Motorhome Safety: How to Secure your Home on Wheels

Motorhome theft can be extremely costly. If you’re made a considerable investment in a motorhome, and gone to the effort of modifying it to fit your precise needs, and stocking it with appliances, then you’ll want to be sure that an enterprising thief doesn’t come along and nick it. Things get even more concerning if you’re sleeping in the motorhome at the time – we all sleep more soundly knowing that we’re in a safe and secure environment!

Security breaches can be tremendously stressful. Even if the perpetrator is identified, and the matter is settled (a sadly rare outcome), you won’t be able to get the cost of time and energy back. As such, it’s better to prevent the motorhome being stolen in the first place.

Those who adhere to the basic rules of conduct can significantly reduce the risk of becoming a victim of such a crime. Most break-ins occur in unguarded public parking lots or on the side of the road. And if you feel safe between parked trucks at the rest area, you’re wrong. In contrast, the crime statistics show significantly fewer incidents on camping sites or RV sites.

Let’s run through a few easy measures which might make all the difference!

Lock the Motorhome

This one might seem obvious – but it’s still worth mentioning. Even if your motorhome is sitting unused on the driveway, it’s vulnerable to thieves. It’s a good idea to invest in multiple padlocks for doors and windows if the motorhome is going to be sitting there for a long time. If you’re going to fit external locks, then you might have to drill a few holes – but it’s not a requirement.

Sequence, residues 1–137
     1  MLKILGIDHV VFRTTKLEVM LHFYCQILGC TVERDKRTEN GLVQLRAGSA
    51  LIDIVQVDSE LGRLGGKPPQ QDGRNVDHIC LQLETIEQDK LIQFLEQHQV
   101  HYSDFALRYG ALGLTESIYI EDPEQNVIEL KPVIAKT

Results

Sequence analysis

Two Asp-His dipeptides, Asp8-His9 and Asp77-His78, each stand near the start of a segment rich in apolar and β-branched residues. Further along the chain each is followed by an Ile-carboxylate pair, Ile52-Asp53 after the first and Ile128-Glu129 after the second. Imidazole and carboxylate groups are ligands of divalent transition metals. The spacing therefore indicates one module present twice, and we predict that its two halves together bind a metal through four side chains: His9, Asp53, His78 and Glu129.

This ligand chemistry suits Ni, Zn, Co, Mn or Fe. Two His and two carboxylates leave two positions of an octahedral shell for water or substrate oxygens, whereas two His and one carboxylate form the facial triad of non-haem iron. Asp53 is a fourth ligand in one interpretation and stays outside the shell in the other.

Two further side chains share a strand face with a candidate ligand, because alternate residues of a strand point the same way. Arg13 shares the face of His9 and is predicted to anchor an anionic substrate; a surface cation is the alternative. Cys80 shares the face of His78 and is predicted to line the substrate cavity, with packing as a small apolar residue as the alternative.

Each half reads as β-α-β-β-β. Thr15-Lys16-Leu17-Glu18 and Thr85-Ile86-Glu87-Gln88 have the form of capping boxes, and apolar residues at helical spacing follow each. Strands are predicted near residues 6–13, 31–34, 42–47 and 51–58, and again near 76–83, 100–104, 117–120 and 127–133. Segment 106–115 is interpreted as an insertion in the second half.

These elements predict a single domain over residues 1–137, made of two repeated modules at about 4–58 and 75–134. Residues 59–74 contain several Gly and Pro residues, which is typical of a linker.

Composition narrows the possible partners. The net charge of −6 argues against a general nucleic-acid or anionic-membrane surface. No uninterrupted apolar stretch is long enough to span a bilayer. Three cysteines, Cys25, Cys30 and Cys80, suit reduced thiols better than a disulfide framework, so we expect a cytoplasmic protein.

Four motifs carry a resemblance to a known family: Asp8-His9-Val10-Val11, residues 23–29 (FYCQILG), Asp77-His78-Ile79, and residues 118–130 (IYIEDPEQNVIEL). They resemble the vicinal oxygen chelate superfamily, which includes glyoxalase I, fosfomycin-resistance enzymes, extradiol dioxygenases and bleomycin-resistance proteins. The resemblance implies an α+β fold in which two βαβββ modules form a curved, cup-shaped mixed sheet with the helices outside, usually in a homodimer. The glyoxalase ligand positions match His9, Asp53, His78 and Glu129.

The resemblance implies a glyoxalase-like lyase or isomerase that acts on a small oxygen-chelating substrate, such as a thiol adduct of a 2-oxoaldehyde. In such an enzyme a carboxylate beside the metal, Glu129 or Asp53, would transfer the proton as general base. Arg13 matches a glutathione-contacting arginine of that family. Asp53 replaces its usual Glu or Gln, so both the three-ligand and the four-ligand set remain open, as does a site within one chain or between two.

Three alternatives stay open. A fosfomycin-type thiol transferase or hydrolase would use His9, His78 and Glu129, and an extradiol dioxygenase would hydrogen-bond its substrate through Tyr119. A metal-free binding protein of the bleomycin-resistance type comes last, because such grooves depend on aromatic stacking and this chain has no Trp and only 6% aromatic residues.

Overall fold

Even if you are absent for a short time and especially at night, you should always close the camper including all windows, stowage flaps and skylights.

Warning: Thieves like to strike during the day, especially in tourist centers, at sights or in unguarded parking lots.

Tracking Devices

If you’re unfortunate, and your vehicle does get stolen, then you can get it back with the help of a tracking device. These will allow the police to track the motorhome and get it back for you. They’re a little bit expensive, but they might help you to lower your insurance premium.

Fit an Alarm

An alarm provides a reliable and invaluable deterrent. It might even be one that’s required by your insurer. If your alarm comes with a sticker, be sure to place it prominently on the vehicle.

Wheel Clamps

If the wheels are fixed into position, then an intruder won’t be able to drive away with your property, even if they manage to break into it. Look for a wheel clamp that’s sturdy and secure. A flimsy one can be destroyed by someone who knows what they’re doing.

Steering Wheel Lock

Locking the steering wheel achieves much the same purpose, except that it’s the steering that’s taken out of action. This doesn’t provide quite the same visual deterrent from the outside of the vehicle, but it’ll stop thieves in their tracks (provided that you get a decent lock). If you like, you can also lock the gear stick in position, or rely on an engine immobiliser.